Book part
Publication date: 18 July 2007

Abstract

Details

Ecological Economics of Sustainable Watershed Management
Type: Book
ISBN: 978-1-84950-507-9

To view the access options for this content please click here
Book part
Publication date: 18 July 2007

John M. Polimeni and Jon D. Erickson

This chapter presents projections of residential development in Wappinger Creek watershed of Dutchess County, New York in the Hudson River Valley. A spatial econometric…

Abstract

This chapter presents projections of residential development in Wappinger Creek watershed of Dutchess County, New York in the Hudson River Valley. A spatial econometric model is developed based on data from a geographical information system (GIS) of county-level socio-economic trends, tax parcel attributes, town-level zoning restrictions, location variables, and bio-geophysical constraints including slope, soil type, riparian and agricultural zones. Monte Carlo simulation is employed to distribute spatially explicit projections of land-use change under various residential development scenarios. Scenario analysis indicates the likelihood of continued residential, decentralized development patterns in formerly agricultural and forested parcels. Policy scenarios demonstrate possible courses of action to direct development and protect watershed health.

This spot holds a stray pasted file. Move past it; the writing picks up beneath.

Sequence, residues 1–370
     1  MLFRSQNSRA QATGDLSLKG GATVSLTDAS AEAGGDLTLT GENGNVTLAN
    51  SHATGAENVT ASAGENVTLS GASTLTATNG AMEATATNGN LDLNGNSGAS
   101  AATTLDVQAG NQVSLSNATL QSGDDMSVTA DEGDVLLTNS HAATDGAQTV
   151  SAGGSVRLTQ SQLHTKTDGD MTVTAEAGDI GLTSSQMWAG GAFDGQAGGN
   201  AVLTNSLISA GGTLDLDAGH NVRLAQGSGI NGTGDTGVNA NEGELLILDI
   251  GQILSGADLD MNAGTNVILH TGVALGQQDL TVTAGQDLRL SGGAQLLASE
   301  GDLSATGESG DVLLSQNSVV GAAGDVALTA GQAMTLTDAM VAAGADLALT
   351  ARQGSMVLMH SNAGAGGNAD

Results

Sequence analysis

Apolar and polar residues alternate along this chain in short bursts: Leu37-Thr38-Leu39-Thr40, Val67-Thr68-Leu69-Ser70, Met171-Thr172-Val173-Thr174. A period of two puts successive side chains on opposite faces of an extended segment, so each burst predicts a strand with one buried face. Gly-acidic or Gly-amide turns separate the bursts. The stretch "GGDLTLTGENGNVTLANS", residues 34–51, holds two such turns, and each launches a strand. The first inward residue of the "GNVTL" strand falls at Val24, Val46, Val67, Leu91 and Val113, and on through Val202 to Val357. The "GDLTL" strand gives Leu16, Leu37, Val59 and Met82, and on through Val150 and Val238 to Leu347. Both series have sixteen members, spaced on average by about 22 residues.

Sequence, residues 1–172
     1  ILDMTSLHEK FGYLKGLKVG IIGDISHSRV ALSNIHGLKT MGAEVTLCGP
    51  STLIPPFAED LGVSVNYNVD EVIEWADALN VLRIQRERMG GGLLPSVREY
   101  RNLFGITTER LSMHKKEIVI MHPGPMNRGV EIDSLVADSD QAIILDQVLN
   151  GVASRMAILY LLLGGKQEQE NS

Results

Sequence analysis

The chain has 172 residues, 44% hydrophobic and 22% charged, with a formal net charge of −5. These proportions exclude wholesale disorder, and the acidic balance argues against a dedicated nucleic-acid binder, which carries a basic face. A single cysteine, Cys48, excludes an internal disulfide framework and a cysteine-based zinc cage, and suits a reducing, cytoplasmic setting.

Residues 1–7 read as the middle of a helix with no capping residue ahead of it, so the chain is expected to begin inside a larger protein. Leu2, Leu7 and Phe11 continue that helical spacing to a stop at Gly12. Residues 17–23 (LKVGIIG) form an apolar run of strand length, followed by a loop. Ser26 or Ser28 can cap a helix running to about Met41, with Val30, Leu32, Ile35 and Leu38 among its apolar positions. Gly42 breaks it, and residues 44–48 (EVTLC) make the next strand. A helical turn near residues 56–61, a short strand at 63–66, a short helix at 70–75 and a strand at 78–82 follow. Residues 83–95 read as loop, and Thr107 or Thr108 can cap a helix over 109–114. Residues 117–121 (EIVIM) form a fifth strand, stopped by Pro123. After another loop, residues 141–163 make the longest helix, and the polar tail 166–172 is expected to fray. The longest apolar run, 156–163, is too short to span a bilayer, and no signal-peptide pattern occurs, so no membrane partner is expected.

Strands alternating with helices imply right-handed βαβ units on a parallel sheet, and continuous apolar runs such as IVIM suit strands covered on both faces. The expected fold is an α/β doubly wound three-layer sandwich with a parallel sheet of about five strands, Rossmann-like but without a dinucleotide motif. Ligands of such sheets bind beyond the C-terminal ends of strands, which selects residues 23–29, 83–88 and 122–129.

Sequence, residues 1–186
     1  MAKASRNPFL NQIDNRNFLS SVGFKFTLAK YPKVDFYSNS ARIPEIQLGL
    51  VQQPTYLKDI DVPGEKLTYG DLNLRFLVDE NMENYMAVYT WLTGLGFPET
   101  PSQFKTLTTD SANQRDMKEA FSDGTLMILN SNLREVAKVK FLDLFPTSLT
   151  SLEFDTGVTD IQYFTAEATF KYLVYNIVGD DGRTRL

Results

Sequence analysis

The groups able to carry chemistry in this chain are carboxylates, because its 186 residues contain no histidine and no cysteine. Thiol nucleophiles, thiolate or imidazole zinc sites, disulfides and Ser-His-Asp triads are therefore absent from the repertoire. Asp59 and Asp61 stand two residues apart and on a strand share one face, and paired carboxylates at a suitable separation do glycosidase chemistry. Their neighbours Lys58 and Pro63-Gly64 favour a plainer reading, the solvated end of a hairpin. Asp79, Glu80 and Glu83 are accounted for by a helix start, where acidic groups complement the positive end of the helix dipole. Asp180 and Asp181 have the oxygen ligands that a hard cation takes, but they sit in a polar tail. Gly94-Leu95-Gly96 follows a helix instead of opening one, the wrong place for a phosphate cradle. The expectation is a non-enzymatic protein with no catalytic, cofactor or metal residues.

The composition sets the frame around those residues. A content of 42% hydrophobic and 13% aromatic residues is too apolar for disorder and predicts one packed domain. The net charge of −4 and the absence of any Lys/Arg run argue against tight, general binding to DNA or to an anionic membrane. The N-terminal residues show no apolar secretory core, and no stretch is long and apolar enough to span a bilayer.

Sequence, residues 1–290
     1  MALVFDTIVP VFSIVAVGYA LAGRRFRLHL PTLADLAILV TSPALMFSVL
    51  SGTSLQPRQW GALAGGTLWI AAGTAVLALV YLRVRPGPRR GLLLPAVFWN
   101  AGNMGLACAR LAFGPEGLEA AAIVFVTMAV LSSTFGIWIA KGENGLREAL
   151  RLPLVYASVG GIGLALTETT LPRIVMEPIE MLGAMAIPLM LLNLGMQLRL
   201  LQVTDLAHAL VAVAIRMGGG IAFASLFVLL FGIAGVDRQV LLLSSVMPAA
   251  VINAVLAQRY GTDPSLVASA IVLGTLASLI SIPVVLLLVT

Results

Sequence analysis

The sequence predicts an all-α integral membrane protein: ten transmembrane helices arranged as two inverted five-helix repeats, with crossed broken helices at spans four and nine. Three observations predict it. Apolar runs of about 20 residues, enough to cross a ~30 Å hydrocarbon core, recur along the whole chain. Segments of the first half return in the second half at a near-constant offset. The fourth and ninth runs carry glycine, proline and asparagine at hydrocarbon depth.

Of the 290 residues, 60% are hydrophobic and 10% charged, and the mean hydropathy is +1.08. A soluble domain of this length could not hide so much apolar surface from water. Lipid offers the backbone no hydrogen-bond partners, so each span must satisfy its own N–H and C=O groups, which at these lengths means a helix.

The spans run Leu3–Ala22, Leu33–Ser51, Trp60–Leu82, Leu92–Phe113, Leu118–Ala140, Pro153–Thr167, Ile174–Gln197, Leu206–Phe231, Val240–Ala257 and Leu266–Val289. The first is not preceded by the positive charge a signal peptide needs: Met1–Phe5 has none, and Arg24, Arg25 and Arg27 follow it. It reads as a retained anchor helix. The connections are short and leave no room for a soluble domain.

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Ecological Economics of Sustainable Watershed Management
Type: Book
ISBN: 978-1-84950-507-9